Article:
Skip to main content

Jessica Knoblauch's blog

Wolverine Nazzu/Shutterstock

Once decimated by traps and poison, only a few hundred wolverines remained at the turn of this century when Tim Preso, the managing attorney of Earthjustice's Northern Rockies office, took up their cause against unsympathetic state governments and the George W. Bush administration. After many years and court battles, in February 2013 the federal government proposed to protect the wolverine as a threatened species under the Endangered Species Act.

Vernice Miller-Travis

Vernice Miller-Travis is a longtime environmental justice advocate and cofounder of WE ACT for Environmental Justice, a northern Manhattan community-based organization. She believes that green groups and environmental justice groups must work together in order to build a more diverse and effective environmental movement.

Buck Parker at Crater Lake in southern Oregon.

Vawter “Buck” Parker describes himself as “the kid in the back of the car daydreaming and looking at the passing landscape” as his family took long rides through Oregon, where he grew up. Those years set him on course for a lifetime of protecting the wild, first as a private lawyer, then for 35 years with Earthjustice, which he led for more than a decade. As he retires to his home in Hood River, Buck reflects on how he got involved with Earthjustice and how he helped shape its direction during a time when conservation efforts evolved into the powerful environmental movement.

Arctic wolf

Recently, Shell announced to the world that it will end offshore drilling in Alaska’s Arctic Ocean for the foreseeable future. In addition, the Obama administration just announced that it will cancel upcoming oil and gas lease sales in the Chukchi and Beaufort seas. It also denied requests for the extension of leases currently held by Shell and Statoil in the Arctic Ocean.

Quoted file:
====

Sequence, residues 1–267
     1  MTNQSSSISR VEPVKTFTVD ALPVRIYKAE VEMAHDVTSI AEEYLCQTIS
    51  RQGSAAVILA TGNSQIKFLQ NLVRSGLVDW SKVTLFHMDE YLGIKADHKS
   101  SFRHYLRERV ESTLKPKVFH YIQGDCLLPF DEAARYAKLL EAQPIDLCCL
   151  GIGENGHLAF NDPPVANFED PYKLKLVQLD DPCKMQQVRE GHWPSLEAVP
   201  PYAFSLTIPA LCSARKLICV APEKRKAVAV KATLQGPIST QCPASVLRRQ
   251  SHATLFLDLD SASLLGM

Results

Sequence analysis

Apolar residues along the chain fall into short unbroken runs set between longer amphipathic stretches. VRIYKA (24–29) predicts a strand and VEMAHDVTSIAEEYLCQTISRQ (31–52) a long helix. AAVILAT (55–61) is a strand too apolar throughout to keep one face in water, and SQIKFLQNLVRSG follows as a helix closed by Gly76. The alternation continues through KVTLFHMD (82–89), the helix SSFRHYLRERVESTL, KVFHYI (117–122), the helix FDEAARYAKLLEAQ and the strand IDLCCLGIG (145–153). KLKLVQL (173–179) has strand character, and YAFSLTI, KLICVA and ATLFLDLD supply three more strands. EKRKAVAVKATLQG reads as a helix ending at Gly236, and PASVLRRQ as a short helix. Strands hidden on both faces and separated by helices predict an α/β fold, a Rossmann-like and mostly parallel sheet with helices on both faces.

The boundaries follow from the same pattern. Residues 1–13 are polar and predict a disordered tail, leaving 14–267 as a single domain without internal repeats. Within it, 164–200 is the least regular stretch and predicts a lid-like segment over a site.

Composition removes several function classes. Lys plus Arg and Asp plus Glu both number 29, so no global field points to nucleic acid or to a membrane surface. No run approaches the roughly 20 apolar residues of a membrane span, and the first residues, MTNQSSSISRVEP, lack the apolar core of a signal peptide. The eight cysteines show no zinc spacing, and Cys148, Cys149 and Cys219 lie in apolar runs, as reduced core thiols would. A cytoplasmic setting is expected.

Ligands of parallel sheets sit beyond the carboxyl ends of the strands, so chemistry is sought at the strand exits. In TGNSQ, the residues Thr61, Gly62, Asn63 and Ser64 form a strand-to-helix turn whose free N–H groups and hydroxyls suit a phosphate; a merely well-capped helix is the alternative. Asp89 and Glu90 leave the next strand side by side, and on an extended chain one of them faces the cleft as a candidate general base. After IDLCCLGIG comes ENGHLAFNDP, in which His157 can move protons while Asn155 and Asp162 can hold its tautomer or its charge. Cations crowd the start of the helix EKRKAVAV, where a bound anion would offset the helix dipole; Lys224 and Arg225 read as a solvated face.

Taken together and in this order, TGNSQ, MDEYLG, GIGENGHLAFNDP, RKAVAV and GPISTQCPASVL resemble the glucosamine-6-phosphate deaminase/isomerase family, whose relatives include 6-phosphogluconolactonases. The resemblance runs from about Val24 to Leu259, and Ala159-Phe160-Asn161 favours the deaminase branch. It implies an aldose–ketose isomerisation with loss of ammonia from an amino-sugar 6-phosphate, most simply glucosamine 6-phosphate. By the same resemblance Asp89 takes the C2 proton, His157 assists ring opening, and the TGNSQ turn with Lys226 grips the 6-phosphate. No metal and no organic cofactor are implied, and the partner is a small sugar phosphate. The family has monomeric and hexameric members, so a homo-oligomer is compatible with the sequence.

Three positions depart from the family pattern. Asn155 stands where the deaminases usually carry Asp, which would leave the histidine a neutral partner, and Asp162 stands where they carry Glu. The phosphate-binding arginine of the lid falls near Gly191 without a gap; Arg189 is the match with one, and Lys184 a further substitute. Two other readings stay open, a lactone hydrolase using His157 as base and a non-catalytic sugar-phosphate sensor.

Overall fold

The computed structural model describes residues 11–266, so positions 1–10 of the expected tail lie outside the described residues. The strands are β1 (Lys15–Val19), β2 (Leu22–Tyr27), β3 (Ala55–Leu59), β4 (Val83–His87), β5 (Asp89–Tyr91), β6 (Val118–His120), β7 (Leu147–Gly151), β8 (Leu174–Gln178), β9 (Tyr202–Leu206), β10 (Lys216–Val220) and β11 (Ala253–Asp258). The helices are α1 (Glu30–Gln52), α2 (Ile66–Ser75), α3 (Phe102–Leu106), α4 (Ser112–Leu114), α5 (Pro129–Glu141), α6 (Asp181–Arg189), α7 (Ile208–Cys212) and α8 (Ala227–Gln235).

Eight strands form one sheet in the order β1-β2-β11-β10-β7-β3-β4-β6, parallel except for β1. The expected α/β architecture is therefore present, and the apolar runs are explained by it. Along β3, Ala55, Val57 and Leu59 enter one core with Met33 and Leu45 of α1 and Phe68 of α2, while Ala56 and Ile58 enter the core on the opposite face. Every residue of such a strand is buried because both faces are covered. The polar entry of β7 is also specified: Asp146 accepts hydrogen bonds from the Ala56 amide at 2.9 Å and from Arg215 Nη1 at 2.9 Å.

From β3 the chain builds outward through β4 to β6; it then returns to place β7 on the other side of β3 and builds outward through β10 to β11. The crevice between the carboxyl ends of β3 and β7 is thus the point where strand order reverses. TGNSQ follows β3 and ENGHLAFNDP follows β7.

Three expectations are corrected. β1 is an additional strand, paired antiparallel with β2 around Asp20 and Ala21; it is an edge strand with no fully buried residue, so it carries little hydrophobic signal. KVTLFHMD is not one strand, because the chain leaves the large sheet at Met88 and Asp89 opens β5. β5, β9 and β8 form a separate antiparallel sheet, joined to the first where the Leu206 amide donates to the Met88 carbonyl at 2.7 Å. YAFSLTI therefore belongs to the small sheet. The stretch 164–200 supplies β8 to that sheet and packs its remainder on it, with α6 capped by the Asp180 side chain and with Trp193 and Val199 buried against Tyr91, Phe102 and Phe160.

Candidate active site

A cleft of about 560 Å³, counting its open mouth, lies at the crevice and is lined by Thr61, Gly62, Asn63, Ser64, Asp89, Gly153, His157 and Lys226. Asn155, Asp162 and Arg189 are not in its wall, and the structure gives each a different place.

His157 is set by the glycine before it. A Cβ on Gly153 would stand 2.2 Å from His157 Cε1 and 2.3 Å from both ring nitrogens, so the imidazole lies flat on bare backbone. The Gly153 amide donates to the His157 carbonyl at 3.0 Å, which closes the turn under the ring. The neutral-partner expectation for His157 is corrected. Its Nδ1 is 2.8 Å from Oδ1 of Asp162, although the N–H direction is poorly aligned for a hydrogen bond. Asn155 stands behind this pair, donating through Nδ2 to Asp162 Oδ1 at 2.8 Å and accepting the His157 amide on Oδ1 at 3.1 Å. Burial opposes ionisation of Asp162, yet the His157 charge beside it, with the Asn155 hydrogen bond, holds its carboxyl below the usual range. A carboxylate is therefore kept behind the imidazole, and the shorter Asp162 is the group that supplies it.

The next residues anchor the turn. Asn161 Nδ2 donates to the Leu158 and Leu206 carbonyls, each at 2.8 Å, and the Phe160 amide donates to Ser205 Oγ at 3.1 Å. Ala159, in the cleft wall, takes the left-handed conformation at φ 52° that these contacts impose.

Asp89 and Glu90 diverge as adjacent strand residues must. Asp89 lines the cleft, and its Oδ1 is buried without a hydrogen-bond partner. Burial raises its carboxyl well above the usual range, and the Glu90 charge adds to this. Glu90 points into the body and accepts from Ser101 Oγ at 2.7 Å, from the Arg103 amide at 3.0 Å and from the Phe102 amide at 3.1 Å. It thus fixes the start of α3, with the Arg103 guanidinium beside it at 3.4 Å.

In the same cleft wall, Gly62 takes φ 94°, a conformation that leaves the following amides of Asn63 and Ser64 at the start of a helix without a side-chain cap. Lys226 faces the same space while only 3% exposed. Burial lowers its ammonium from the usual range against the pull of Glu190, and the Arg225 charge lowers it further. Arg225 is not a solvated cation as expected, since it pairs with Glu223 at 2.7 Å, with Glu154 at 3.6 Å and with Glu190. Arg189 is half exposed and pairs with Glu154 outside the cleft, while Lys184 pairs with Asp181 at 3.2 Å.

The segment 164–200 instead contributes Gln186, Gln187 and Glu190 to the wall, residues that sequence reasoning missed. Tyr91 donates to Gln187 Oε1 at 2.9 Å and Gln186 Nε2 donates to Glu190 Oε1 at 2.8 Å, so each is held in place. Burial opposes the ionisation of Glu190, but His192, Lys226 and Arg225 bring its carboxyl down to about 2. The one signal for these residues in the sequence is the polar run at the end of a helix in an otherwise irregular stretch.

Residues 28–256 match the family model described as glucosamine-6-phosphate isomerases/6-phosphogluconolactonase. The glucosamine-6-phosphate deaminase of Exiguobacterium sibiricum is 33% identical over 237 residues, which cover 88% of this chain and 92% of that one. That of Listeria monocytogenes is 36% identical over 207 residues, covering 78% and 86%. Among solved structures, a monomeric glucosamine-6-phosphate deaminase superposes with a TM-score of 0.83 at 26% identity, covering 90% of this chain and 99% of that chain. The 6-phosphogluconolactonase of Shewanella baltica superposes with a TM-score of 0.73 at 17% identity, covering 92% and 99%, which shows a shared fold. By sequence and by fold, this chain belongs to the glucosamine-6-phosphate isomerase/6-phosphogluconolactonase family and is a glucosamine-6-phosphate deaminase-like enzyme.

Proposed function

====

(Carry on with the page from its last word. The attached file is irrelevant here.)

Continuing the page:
Melon headed whales like these on the west side of Hawai'i island will now be protected from dangerous mid-frequency sonar training and testing.

The blue whale is one of the largest animals ever known to have lived on Earth, but despite its heft, this magnificently oversized marine mammal can’t withstand the biological blows caused by Navy sonar training and testing.

Today, the blue whale got a break from these harmful sounds. For the first time ever, the U.S. Navy has agreed to put vast swaths of important habitat for numerous marine mammals off limits to dangerous mid-frequency sonar training and testing and the use of powerful explosives.

Earthjustice's Jessica Knoblauch looks across a valley toward declining snowpacks in Montana's Glacier National Park.

Two weeks ago, I was pedaling through the glacier-carved peaks and valleys of Glacier National Park on the Going-to-the-Sun Road as part of an inaugural fundraising event known as Glacier Ride. Thanks to the power of energy bars, clip-in pedals and months of intensive training, I earned a front row seat to some of the park’s namesake glaciers.

Pages

About the Earthjustice Blog

unEARTHED is a forum for the voices and stories of the people behind Earthjustice's work. The views and opinions expressed in this blog do not necessarily represent the opinion or position of Earthjustice or its board, clients, or funders. Learn more about Earthjustice.